This article appeared in the October 15, 2021 edition of the Monitor Daily.

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Prize-winning ‘toxic avenger’ turns Superfund sites into art

Barrett Doherty/Courtesy of The Cultural Landscape Foundation
Julie Bargmann, 2021 Oberlander Prize laureate.
Peter Grier
Washington editor

Old coal mines. Shuttered auto plants. A decrepit U.S. Navy yard.

Promising sites for landscape architecture? They don’t sound like it. But one pioneering designer takes such rough grounds and transforms them into beautiful places that honor what happened there, using reclaimed materials, grasses and trees, and imagination.

Her name is Julie Bargmann, and she’s a professor at the University of Virginia and founder of the design studio D.I.R.T., an acronym that stands for Dump It Right There. This week she won the Cornelia Hahn Oberlander International Landscape Architecture Prize, a new award intended to boost visibility for the discipline.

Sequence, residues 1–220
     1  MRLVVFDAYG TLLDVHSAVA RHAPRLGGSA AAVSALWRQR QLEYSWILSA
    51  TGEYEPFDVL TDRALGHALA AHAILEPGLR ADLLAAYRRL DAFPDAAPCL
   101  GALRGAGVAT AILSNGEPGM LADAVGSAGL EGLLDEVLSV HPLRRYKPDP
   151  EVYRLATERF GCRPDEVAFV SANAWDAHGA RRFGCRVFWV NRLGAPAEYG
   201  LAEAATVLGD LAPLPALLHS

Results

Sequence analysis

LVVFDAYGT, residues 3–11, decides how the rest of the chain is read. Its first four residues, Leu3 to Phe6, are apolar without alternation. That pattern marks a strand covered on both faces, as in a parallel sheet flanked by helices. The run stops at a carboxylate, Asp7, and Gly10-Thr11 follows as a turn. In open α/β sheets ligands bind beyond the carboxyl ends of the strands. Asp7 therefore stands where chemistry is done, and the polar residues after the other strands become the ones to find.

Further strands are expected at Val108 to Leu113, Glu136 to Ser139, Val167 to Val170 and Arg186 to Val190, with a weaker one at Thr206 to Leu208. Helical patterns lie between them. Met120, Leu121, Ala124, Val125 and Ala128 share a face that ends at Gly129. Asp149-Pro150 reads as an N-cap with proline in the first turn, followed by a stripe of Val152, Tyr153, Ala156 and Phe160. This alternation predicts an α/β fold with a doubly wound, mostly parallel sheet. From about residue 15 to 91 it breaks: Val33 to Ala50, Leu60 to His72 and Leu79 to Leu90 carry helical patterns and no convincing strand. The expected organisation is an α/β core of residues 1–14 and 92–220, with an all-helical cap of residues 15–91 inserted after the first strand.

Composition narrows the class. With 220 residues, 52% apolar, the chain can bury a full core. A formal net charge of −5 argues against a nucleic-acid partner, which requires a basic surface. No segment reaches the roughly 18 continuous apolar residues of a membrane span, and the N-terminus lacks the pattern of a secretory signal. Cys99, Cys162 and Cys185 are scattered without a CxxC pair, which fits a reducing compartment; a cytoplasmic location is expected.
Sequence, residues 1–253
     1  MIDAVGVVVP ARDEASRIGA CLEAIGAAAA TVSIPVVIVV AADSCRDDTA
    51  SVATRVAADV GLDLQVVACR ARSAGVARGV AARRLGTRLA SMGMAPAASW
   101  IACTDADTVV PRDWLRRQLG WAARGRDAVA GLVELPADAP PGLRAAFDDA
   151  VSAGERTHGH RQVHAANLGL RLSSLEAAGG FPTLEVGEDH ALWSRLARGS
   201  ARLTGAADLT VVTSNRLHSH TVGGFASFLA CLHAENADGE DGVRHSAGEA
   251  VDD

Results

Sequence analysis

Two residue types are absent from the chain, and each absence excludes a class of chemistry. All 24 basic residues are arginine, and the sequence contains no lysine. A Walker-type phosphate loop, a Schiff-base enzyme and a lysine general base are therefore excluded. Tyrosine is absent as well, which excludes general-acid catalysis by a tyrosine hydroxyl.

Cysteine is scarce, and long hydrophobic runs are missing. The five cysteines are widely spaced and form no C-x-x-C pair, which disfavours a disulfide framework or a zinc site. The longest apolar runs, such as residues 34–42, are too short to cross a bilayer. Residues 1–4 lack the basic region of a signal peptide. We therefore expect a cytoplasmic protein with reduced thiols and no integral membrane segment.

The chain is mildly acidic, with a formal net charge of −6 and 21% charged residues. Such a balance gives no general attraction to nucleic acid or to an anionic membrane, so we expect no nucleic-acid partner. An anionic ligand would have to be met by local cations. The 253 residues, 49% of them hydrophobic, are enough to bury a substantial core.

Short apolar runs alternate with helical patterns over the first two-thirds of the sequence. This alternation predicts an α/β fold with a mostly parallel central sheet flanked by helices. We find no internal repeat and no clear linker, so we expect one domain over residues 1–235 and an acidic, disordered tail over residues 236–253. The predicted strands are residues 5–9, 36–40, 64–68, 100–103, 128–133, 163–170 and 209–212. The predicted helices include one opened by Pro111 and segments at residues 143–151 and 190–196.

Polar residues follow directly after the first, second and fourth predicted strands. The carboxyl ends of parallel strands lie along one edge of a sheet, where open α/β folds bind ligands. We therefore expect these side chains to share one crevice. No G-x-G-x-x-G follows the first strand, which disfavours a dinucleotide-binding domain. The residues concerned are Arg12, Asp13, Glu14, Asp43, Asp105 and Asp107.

As a child, crammed into the family station wagon, Professor Bargmann was fascinated by the refineries and other industrial sites on the New Jersey Turnpike. 

As an adult, she’s used a passive treatment system to turn a toxic area in a Pennsylvania mining town into public art space. She convinced Ford to use plants that clean contaminated soil in disused areas of the automaker’s River Rouge Complex near Detroit.

She planted cherry trees in reclaimed rubble at the shuttered Philadelphia Navy Yard, helping transform it into retailer Urban Outfitters’ headquarters. 

“I have been called the ‘toxic avenger,’ and I’m like, really, do I want to strap on that cape? And in a lot of ways I do, not to save people but to engage them in such a way that they can be agents of change for the landscape,” said Ms. Bargmann in a video released to coincide with the prize announcement.

This article appeared in the October 15, 2021 edition of the Monitor Daily.

Read 10/15 edition
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